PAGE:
DEAR JERRY: Many artists have a signature song, one instantly connected with them and only them. Tony Bennett's “I Left My Heart in San Francisco”; Wayne Newton's “Danke Schoen”; and Dean Martin's “Everybody Loves Somebody” are three such examples.
Yet when it comes to a signature song for Nina Simone, there are at least three different answers: “I Loves You Porgy”; “Mississippi Goddam”: and “My Baby Just Cares for Me,” are all referred to as her most famous recording.
As far as I know, Nina's only hit was “I Loves You Porgy,” making it a no-brainer.
“My Baby Just Cares for Me” was one of her early singles, but bombed, and I know nothing about “Mississippi Goddam.” I doubt any radio station would have played such a song, at least not in those days.
Do you agree with me?
Lucille Carmichael, Philadelphia
DEAR LUCILLE: I do agree with you … though there is one little proviso: “I Loves You Porgy” is only a no-brainer to folks living in America in the late 1950s and early '60s.
Simone's “Porgy,” as it is sometimes shown (Bethlehem 11021), reached the Top 15 in the States in 1959, and was her only U.S. hit of consequence. However, Nina's soulful revival of the Gershwins' “Porgy and Bess” standard went nowhere in Europe. Most folks in that part of the world, especially the British, might say “Porgy? Isn't he that Looney Tunes pig?”
Over there, the best-known Nina Simone tune is “My Baby Just Cares for Me” (Bethlehem 3031) not that listeners on either side of the Atlantic heard it in 1962 when first issued as a single.
Remarkably, 25 years later, Paris-based Chanel produced a 30-second TV spot for their No. 5 Parfum, featuring beautiful French actress Carole Bouquet frolicking about to Simone's “My Baby Just Cares for Me.”
Both the commercial and the song became wildly popular in Europe, prompting a UK rush-release single of “My Baby Just Cares for Me,” backed with “Love Me Or Leave Me” (Charley CZY-7112).
By late November 1987, the tune no one noticed in 1962 held the No. 4 spot on the UK New Musical Express Top 30.
Feeding the frenzy, Aardman Animation (“Wallace & Gromit”; “Chicken Run”; “Flushed Away,” etc.) created a magnificent claymation-style video. The Chanel spot and Aardman video are both on YouTube. See and hear it here!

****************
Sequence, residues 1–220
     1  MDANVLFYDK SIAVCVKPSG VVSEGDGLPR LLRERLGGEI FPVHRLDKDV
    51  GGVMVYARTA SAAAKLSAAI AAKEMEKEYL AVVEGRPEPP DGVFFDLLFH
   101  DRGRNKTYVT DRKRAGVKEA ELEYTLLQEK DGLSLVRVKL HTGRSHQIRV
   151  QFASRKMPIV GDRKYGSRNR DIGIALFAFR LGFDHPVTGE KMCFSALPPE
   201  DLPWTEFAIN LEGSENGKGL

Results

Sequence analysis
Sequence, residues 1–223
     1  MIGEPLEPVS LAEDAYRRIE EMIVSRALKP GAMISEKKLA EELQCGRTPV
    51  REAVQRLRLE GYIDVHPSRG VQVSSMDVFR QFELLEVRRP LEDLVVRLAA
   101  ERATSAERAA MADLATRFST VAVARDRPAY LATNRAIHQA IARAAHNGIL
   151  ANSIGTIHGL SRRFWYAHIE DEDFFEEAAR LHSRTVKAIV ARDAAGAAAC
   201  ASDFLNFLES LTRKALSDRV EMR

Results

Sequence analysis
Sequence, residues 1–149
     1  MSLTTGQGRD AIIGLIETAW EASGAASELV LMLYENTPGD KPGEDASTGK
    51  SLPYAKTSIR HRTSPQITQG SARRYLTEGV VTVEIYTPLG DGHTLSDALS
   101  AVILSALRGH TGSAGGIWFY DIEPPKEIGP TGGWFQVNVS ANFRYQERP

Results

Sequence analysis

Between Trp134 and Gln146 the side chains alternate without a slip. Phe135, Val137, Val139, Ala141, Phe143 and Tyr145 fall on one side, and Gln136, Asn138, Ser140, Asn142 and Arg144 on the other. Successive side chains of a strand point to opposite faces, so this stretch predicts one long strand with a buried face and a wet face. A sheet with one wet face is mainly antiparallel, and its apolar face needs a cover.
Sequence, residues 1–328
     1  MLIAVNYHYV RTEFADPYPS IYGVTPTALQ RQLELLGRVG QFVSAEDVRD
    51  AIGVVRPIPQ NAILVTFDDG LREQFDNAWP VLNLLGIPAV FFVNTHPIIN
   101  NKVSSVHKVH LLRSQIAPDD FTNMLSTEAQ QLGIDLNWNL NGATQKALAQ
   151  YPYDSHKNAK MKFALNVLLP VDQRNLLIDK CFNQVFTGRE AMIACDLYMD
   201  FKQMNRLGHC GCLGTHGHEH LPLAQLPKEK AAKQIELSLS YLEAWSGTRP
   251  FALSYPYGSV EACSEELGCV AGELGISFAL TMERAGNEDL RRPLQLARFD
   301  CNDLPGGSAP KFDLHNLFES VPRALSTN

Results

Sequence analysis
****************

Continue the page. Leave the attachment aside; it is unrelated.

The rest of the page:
Which brings us to “Mississippi Goddam.” This is one of seven live cuts on “Nina Simone in Concert,” her first LP for Philips (200135/600135). Issued in June 1964, this collection includes portions of New York performances in March and April.
Anyone buying “Nina Simone in Concert” expecting the folk-blues repertoire found on her earlier live albums (“Nina at Town Hall”; “At Newport”; “At the Village Gate”; “At Carnegie Hall”) may have slipped into shock.
The program begins with a new reading of “I Loves You Porgy,” and includes two more of her 1958 recordings: “Plain Gold Ring” and “Don't Smoke in Bed.”
Simone then uses the four remaining selections, “Old Jim Crow”; “Go Limp”; “Pirate Jenny”; and “Mississippi Goddam,” to sermonize her views on race-related issues.
This she did more than a year before Barry McGuire's protest song, “Eve of Destruction,” topped all the nation's charts, creating a new genre for gloom, doom, and even violent revolution themes.
I'd say this line from “Mississippi Goddam” falls into that category:
“This whole country is full of lies, and you all gonna die; die like flies.”
As you suspected, no radio station would even consider airing “Mississippi Goddam.” Flying in the face of reasonable expectations, the label still released the song as a single (Philips 40216).
“Mississippi Goddam,” written by Nina, may be her most controversial song, but not her most famous.
Neither this tune, nor the one preceding it, “Old Jim Crow” (Philips 40194), stood a chance of being a hit.
Even “Nina Simone in Concert” failed to make the Top 100 albums, pretty much the case with all her LPs except “Nina at Newport” (Colpix 412).
Simone left America in 1970, landing first in Barbados. In 1992, several countries and continents later, Nina found a permanent home in France, where she remained until her death in April 2003.
IZ ZAT SO? In response to negative feedback from the media over “Mississippi Goddam,” in which she sings those words six times, Philips created a custom, promotional 45 rpm for dee jays.
A special paper sleeve shows the 'new' title as “Mississippi *@!!?*@!,” along with an explanation of how all mentions of “goddam” is replaced by beeping tones.
To say this bizarre concoction was awful is to be as complimentary as possible.